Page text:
If one rat is hard to catch, then a street full of rats must be a major headache. The proverbial rats certainly deserted the sinking ship which has been the year 2008. Nevertheless, on the bright side, chief information officers (CIOs) were blessed with technological advancements in business intelligence, virtualisation, unified communications with an array of collaboration tools, and more conscious efforts in pushing green IT. This year, CIOs also witnessed a sharp turn from a booming IT industry that called for mixed feelings towards mergers and acquisitions of IT companies, to a sober one that is at the doorstep of a global economic recession. In this feature, we invited eight thought leaders in the region to delve into these issues together.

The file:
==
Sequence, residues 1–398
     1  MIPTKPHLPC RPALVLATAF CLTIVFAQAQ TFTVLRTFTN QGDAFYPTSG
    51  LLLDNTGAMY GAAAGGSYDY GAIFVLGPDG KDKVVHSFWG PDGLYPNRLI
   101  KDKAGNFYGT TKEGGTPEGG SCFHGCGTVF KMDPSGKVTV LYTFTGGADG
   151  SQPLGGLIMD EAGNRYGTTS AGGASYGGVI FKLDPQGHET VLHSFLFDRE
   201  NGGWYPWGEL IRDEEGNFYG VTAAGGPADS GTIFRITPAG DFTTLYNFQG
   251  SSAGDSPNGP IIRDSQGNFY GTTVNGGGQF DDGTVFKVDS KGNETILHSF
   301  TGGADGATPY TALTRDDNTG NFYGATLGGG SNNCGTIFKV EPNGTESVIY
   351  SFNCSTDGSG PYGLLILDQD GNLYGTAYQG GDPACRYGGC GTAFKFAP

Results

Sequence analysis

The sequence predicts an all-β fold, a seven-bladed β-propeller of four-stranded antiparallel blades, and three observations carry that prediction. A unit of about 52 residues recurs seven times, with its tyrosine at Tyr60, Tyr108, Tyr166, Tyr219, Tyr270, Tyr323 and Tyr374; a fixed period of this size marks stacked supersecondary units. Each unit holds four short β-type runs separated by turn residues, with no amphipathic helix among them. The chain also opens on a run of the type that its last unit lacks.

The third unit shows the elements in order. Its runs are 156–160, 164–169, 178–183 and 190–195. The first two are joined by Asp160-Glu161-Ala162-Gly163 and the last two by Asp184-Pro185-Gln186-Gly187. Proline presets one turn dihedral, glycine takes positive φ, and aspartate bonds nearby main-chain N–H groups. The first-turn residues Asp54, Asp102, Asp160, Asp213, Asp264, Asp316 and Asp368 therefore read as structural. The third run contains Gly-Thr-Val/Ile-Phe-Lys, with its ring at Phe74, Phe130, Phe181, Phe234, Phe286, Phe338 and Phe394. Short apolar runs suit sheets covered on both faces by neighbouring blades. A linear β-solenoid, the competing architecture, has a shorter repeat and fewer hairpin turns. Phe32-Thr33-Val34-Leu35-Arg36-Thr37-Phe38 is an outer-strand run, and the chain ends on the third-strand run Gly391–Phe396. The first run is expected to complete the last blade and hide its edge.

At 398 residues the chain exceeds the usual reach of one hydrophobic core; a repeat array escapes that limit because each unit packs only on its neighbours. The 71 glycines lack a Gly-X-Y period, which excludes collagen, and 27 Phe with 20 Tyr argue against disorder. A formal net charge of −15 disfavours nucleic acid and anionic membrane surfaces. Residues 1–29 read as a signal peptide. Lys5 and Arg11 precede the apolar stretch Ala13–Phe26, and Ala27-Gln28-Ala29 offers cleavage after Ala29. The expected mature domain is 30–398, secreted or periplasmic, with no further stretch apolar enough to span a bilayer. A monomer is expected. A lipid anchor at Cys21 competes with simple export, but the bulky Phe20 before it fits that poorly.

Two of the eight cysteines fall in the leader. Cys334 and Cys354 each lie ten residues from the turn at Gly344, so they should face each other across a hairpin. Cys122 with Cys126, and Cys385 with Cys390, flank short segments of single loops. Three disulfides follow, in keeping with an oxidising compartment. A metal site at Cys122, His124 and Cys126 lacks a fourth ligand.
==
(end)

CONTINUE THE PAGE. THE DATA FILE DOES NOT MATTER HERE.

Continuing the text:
The significant increase, in pre and post reviews of information technology (IT) projects, indicates that CIOs are paying attention to the holistic enterprise alignment of business and IT project initiatives, according to the IDC Dynamic IT Benchmark 2008. Thanks to the credit crunch, this focus will sharpen further, says Patrick Chan, chief technology advisor, emerging technologies research, IDC Asia Pacific. In 2008, Chan saw a trend of increasing specialisation of committees to make collective decisions and to innovate. He says "as much as 45 per cent of participants were pushing for innovation in 2008 with their IT budget, while 15.7 per cent were spending above 10 per cent of their IT budget. There is a good innovation focus in Asia Pacific".
BI reaching maturity
Looking back on 2008, Sunny Lee, executive director of IT, at The Hong Kong Jockey Club (HKJC), says business intelligence (BI) is reaching maturity. "The BI players are offering mature products with good installation experience. Through proper implementation of BI technology, enterprises are realising the ability for them to get ahead of the competition, to understand more about their customer behaviour, competitors, and to capture more market information."